When one first visits the Hospice House & Support Care of Williamsburg, they naturally feel a sense of peace. It is truly hard not to, as the eleven-acre property is meticulously kept up and designed to be as pleasant as possible. A trip inside will reveal not a sterile medical facility, but a home. Quaint living rooms, beautiful gardens, and pleasant walking trails all tell the story of the Hospice House, a story in which the whole community has come to play a role.
Founded in 1982, the Williamsburg Hospice was created to support the needs of both those facing the last days of their life as well as their loved ones. In 2002, the Hospice House was officially built, providing a four-bedroom home for patients to live. The nonprofit also provides several bereavement groups and an online library. Every service in the Hospice House free of charge to its patients. Being the only facility of its kind for 250 miles, the workers and volunteers of the house take great pride in the services they can offer to the area.
However, last fall there was still a lack of cohesiveness between the community and the organization. The House felt as if Williamsburg did not fully understand the purpose of hospice care. Because of this disconnect, they called upon a group of business professionals that were skilled in analytics and interpreting data: 2nd year MBA students at the Raymond A. Mason School of Business at William & Mary.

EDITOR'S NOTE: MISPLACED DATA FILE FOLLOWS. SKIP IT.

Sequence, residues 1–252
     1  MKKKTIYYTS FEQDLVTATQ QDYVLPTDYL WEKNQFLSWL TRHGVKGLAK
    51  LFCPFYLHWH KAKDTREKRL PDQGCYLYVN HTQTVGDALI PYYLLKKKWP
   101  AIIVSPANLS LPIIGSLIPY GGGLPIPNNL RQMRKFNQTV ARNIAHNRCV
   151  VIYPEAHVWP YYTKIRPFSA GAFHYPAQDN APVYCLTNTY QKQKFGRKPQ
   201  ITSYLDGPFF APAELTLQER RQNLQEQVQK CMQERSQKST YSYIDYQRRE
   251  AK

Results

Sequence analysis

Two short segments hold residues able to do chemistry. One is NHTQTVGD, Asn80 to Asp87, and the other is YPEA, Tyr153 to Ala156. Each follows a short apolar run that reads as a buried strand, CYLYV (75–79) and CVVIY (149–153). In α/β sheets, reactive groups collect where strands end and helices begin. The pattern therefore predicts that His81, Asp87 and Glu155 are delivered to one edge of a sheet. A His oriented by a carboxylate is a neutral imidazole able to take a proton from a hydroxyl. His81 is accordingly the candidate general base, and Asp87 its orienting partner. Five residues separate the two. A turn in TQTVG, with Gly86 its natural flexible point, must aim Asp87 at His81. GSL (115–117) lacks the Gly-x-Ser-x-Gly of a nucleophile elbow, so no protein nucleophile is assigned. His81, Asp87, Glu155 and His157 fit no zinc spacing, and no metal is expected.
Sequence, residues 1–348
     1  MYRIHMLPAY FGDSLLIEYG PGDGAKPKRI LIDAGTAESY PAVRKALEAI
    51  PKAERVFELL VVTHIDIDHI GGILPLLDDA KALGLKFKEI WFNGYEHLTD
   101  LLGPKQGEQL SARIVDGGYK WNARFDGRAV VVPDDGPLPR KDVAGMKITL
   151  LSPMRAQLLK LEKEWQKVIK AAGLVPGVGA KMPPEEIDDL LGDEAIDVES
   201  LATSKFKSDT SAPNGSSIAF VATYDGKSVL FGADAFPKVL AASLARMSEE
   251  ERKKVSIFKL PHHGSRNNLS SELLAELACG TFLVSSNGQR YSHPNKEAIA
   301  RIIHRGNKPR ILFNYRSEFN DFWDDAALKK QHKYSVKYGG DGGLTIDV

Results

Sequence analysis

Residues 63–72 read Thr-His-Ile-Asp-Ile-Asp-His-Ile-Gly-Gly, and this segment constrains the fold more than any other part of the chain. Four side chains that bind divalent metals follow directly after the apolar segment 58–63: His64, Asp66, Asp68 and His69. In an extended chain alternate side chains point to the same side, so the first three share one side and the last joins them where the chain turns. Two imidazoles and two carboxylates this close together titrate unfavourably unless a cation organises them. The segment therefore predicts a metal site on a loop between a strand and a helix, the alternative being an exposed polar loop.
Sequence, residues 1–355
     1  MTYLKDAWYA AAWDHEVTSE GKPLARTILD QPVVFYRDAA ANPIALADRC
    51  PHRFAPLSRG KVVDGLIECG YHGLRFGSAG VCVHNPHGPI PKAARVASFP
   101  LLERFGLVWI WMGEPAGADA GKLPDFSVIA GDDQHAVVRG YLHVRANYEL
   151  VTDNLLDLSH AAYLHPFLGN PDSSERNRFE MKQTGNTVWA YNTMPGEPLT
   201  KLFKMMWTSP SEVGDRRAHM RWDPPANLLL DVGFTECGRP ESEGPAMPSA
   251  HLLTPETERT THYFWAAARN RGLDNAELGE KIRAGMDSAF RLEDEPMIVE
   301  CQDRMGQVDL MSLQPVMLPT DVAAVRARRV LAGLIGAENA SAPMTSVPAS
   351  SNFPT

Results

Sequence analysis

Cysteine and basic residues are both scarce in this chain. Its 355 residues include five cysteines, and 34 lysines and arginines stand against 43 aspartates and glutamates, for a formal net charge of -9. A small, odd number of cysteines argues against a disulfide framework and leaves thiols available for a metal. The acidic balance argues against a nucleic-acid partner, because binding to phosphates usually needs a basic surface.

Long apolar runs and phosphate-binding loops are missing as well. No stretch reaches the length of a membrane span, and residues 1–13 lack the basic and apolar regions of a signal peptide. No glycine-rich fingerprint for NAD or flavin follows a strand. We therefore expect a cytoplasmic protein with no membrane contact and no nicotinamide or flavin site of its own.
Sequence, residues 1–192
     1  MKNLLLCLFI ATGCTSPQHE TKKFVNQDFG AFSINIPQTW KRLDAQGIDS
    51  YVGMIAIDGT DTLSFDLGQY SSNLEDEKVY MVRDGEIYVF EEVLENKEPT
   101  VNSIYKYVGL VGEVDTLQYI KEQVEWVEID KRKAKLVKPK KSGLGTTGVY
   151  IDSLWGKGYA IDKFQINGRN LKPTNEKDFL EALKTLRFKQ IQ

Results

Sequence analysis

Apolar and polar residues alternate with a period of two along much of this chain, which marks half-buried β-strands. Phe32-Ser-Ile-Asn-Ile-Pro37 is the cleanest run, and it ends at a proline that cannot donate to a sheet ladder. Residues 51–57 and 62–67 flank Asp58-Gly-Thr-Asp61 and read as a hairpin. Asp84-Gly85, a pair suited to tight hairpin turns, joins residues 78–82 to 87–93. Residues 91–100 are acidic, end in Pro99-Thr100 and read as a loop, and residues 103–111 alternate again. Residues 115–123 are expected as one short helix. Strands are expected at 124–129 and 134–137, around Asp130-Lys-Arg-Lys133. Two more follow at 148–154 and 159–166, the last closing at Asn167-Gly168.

The full-time MBA program offers a Field Consultancy program that allows students to work with local businesses and nonprofits to solve a particular problem that is unique to the client. In the case of the Hospice House, “We were looking for a way to get a good pulse on the needs of the community,” says Audrey Smith, executive director. She explains how “there is a national and local increase in the need for hospice services.” With the median age of Americans older than it has ever been before, hospice care services are now more important than they have been in years past.
The MBA students were able to conduct research and create a report that better depicts the needs and wants of the community. “We had a really healthy dialogue,” Smith describes. “The students themselves began to better understand what we do and why we do it.”
The project proved to be so beneficial that some of the student’s suggestions were incorporated almost immediately. Smith proudly points out how “at the beginning of the project there were some recommendations that we could implement right away.” She goes on to explain how the final project is being used as “a springboard to our strategic planning.”
The collaboration was also helpful for the students. “I think the William & Mary School of Business is really smart to provide this opportunity to graduate students,” Smith says. “I believe this group learned a lot by working with us, as they were able to embrace the real world with a real client on real issues.”